Study: Moms' favoritism tied to depression in grown children

Jun 24, 2010 By Ted Boscia

(PhysOrg.com) -- Whether mom's golden child or her black sheep, siblings who sense that their mother consistently favors or rejects one child over others are more likely to show depressive symptoms as adults.

Whether mom's golden or her black sheep, siblings who sense that their mother consistently favors or rejects one child over others are more likely to show as middle-aged adults, finds a new study by Cornell gerontologist Karl Pillemer.

Prior research has shown that parental favoritism among siblings negatively affects mental health and often triggers behavioral problems in children, teens and young adults, but the survey of 275 Boston-area families, co-directed by Purdue Jill Suitor, is the first to show that such harmful effects persist long into adulthood.

"Perceived favoritism from one's mother still matters to a child's psychological well-being, even if they have been living for years outside the parental home and have started families of their own," said Pillemer, the Hazel E. Reed Professor in the Department of Human Development and associate dean for extension and outreach in the College of Human Ecology, about his paper in the Journal of Marriage and Family (April 2010).

"It doesn't matter whether you are the chosen child or not, the perception of unequal treatment has damaging effects for all siblings," he added. "The less favored kids may have ill will toward their mother or preferred sibling, and being the favored child brings resentment from one's siblings and the added weight of greater parental expectations."

Favoritism may be difficult for mothers to avoid, however, as the researchers found that 70 percent of moms surveyed named a child to whom they felt closest and only 15 percent of children saw equal treatment by their mothers. Similarly, 92 percent of children and 73 percent of mothers specified a child with whom the mother battled most frequently.

The study, which controlled for family size, race and other factors, drew on interviews with 275 mothers in their 60s and 70s with at least two living adult children and also surveys of 671 offspring of the women. In addition to questions about emotional closeness or excessive conflict with a particular child, mothers and children were asked about the mother's expectations for who will care for her when she becomes ill or disabled. When designated a child as her caregiver, all children suffered greater depressive symptoms, though the children's perceptions of their mother's preference did not relate to their mental health.

The findings could lead to new therapies for practitioners who work with later-life families, Pillemer said. "We have a powerful norm in our society that parents should treat kids equally, so favoritism can be something of a taboo topic. If counselors can help older parents and adult bring some of these issues into the open, it may help prevent family conflict from arising."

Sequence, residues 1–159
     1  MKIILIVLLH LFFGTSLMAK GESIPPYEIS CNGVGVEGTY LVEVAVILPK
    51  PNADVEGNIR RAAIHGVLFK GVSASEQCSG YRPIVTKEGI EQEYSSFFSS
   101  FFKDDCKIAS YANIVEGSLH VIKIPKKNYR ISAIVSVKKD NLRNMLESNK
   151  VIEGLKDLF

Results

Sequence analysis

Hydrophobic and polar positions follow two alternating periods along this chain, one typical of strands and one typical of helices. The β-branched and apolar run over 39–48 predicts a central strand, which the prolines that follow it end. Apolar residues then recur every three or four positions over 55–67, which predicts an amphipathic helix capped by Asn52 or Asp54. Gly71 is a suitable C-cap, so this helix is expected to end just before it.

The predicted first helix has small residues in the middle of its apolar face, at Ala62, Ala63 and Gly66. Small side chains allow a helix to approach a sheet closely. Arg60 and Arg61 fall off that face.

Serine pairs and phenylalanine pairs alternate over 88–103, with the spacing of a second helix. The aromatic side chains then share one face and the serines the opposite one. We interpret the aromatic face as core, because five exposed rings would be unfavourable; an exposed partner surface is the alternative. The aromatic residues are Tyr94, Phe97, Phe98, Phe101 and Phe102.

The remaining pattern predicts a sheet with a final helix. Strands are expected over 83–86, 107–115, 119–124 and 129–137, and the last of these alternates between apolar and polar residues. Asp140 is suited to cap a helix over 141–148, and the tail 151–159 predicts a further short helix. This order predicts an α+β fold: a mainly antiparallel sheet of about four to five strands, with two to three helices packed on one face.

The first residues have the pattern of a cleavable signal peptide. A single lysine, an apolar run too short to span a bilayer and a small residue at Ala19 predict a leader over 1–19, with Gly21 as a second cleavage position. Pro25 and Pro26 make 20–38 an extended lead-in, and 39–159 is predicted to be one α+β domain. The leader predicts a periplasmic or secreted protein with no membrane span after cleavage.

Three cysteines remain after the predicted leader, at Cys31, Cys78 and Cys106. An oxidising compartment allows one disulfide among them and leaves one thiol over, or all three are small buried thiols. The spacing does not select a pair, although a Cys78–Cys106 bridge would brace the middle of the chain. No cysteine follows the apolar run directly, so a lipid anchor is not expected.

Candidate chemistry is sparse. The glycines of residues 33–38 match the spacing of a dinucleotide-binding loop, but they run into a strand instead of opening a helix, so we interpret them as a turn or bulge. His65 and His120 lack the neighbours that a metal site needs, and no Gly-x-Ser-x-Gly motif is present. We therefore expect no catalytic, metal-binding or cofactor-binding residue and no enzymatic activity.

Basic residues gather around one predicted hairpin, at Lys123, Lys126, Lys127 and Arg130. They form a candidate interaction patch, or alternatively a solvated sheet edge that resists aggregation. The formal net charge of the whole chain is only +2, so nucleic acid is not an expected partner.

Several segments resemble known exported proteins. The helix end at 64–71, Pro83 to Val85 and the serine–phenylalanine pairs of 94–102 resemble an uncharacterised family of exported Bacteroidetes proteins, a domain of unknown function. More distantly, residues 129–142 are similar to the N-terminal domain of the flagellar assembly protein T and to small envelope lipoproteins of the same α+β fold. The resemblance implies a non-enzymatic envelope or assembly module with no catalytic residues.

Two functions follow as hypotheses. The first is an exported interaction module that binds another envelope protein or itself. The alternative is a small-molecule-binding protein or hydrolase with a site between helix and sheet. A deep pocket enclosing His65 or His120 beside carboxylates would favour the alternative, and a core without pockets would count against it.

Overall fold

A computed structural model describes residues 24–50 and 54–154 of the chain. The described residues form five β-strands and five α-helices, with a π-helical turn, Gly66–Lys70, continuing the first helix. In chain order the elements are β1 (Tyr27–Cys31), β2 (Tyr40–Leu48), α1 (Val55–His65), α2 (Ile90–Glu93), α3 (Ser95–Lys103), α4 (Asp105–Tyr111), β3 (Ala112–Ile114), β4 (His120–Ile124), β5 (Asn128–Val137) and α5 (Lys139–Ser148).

Explore further: Precarious work schedules common among younger workers

add to favorites email to friend print save as pdf

Related Stories

Empty nest syndrome may not be bad after all, study finds

Feb 21, 2008

One day they are crawling, the next day they are driving and then suddenly they aren’t kids anymore. As children reach adulthood, the parent-child relationship changes as parents learn to adapt to newly independent children. ...

Sibling relationships reflect family dynamics

Nov 15, 2006

Most children in the United States grow up with sisters and brothers. Connections that usually last a lifetime, these relationships can be strained at times, especially during childhood. New research concludes that sibling ...

Parental involvement key to preventing child bullying

May 03, 2010

Communities across the United States are developing programs to address child bullying. New research shows that parents can play an important role in preventing their children from becoming bullies in the first place.

Recommended for you

Precarious work schedules common among younger workers

44 minutes ago

One wish many workers may have this Labor Day is for more control and predictability of their work schedules. A new report finds that unpredictability is widespread in many workers' schedules—one reason ...

Girls got game

1 hour ago

Debi Taylor has worked in everything from construction development to IT, and is well and truly socialised into male-dominated workplaces. So when she found herself the only female in her game development ...

Computer games give a boost to English

17 hours ago

If you want to make a mark in the world of computer games you had better have a good English vocabulary. It has now also been scientifically proven that someone who is good at computer games has a larger ...

Saddam Hussein—a sincere dictator?

22 hours ago

Are political speeches manipulative and strategic? They could be – when politicians say one thing in public, and privately believe something else, political scientists say. Saddam Hussein's legacy of recording private discussions ...

User comments : 0